Frank Davis has some superb articles pointing out similarities between the
He's not the only one to link the two. An article in doctor's journal the Lancet (you remember doctors, they're the ones who used to fix you when you are ill but now preach politics and righteous prohibition instead) has come to the same conclusion.
Climate change can be compared to passive smoking because those who generate the damage are not the same people as those who suffer (in the case of tobacco) or the same country (in the case of climate change)
Additionally, they have thus far both failed to throw up a single verifiable casualty, but are useful tools in attracting research grants ... for articles in the Lancet by doctors dabbling in politics, for example.
There are many similarities between tobacco use and climate change. In addition to causing huge damage to population health, both cause substantial adverse social, economic, equity, and gender effects. Both have long lead times between cause and effect, and both require long-term policies and monitoring systems.
Obviously that will be expensive, but hey, we've got degrees and everything. You can trust us to spend it wisely.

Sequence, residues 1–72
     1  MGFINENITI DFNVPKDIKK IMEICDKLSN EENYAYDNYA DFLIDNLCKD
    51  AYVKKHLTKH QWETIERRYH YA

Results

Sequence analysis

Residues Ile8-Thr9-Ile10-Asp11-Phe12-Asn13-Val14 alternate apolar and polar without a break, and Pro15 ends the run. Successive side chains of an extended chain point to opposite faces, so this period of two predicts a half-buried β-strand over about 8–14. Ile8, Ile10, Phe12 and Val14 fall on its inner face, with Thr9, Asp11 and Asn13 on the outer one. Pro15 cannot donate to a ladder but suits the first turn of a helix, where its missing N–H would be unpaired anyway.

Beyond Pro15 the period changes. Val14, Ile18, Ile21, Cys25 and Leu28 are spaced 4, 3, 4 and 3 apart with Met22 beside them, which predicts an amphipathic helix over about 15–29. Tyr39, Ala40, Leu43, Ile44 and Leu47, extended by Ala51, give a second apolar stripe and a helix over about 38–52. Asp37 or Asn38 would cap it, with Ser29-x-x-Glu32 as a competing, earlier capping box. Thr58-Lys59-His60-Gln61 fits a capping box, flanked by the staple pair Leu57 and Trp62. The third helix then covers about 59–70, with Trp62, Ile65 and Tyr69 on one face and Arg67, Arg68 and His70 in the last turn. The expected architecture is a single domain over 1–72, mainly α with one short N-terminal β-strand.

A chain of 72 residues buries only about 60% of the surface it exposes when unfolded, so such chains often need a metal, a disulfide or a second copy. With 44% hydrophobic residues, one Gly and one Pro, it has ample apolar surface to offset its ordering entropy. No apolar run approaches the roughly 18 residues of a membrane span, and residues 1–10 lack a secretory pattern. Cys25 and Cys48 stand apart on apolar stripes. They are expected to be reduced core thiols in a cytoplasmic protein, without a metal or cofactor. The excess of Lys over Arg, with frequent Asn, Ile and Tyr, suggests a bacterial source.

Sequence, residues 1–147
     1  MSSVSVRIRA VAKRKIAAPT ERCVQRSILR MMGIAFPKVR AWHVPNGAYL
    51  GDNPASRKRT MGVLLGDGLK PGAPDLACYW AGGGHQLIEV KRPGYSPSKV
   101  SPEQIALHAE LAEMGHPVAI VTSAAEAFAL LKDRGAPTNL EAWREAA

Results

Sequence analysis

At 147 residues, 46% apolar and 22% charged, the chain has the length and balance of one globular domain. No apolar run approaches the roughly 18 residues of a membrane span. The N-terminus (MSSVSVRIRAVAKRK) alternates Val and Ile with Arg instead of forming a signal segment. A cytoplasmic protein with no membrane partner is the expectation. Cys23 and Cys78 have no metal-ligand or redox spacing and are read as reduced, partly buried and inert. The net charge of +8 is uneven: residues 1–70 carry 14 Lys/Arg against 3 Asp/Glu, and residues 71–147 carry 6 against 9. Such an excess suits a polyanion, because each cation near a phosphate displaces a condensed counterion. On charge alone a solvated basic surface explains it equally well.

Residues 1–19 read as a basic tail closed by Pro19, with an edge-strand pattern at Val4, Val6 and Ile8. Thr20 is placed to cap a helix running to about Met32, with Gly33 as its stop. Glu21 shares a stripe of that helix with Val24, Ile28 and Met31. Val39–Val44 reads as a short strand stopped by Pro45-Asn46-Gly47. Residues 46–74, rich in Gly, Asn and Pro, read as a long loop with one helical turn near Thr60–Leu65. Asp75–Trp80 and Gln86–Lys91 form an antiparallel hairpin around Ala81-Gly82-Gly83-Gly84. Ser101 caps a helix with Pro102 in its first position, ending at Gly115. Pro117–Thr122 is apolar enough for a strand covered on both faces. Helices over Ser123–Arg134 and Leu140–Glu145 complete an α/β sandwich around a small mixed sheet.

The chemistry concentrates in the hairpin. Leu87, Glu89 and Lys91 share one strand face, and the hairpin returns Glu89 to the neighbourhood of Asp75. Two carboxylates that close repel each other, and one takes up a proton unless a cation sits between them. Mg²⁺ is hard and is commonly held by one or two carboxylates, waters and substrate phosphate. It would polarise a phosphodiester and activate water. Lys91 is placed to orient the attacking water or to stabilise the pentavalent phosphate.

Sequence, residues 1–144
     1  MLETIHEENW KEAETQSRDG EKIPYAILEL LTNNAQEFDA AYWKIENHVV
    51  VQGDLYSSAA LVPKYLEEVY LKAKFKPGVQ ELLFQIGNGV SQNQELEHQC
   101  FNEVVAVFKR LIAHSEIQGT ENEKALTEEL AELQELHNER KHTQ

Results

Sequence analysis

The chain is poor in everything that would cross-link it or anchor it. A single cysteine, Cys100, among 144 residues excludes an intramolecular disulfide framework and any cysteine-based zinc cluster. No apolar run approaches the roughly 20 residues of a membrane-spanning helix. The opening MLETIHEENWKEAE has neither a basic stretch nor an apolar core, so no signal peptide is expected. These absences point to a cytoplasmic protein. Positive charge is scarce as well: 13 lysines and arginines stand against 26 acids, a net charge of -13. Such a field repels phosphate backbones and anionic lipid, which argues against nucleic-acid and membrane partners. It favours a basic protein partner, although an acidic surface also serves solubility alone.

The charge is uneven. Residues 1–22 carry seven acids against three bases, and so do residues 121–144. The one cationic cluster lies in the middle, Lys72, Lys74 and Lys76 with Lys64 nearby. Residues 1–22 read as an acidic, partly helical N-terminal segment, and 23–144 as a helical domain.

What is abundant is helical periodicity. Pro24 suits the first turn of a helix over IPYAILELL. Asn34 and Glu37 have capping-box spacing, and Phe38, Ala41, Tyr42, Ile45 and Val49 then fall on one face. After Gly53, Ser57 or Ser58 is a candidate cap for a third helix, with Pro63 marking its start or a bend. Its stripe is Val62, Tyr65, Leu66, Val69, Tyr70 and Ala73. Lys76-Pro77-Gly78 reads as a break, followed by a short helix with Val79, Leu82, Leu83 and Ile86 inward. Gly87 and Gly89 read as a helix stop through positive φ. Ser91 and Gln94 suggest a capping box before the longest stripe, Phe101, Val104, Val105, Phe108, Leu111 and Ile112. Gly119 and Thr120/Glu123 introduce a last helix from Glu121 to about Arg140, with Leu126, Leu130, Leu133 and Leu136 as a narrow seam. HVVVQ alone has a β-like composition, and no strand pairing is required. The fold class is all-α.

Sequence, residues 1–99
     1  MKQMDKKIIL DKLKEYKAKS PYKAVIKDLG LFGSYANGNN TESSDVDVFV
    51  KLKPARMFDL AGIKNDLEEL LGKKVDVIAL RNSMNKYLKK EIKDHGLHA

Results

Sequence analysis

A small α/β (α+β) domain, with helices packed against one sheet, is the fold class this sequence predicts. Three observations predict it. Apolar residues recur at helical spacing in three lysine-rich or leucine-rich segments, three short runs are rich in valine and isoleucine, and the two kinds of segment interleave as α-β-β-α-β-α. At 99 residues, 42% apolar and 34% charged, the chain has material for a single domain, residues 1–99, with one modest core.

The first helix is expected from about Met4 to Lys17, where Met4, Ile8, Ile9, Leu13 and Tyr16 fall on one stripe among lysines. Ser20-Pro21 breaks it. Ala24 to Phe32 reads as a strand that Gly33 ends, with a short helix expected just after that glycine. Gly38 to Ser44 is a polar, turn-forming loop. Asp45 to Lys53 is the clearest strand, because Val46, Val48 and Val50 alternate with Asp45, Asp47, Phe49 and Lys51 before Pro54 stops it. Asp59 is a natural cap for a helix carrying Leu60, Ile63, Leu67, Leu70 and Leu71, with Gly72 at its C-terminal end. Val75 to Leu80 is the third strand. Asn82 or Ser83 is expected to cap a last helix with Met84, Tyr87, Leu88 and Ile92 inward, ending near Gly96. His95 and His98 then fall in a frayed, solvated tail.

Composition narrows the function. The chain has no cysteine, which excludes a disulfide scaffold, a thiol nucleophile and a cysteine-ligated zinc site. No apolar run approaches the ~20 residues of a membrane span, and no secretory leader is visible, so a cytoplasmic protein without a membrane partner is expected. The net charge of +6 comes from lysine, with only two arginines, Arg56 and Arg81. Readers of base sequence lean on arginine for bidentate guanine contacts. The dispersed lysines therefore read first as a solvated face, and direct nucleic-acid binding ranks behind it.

The number of countries implementing the policies effectively is far too low.
It's true because we said it. We're doctors, doncha know.
Negative effects are increasing over time and will have greatest effects in low-income countries and poor populations.
Won't somebody think of Africa//the poor/the chiiildren. Sod it, let's do the lot. Won't somebody think of the poor African chiiildren?
Both issues are influenced by strong vested interests; moreover, delaying tactics and the use of “junk science” by opponents of change have impeded effective policies.
People keep pointing out where we are lying. Please ignore them, they aren't qualified to talk about the subject as it's not their area of expertise ... oh, hold on.
There are important lessons from tobacco control for climate policy. The existing research base calls for urgent, comprehensive, and sustained action.
Urgent, comprehensive, and sustained. Our mortgages and car HP agreements don't pay themselves, you know.
Political will and strong leadership are required for both areas: implementing effective tobacco control policies has taken decades and is far from complete. Additional funding to support action in low-income countries is in the interest of all.
While we're grateful for the cash you bung our way, we could do with more. How much? Well, how much have you got?
The main lesson from tobacco for the Copenhagen conference is that delay in agreeing on international policy and poor implementation will cost countless lives. We must act now in the interests of future generations.
Pay us, or everyone dies. Horribly. And did we mention ... pay us?
In other news, still no cure for cancer.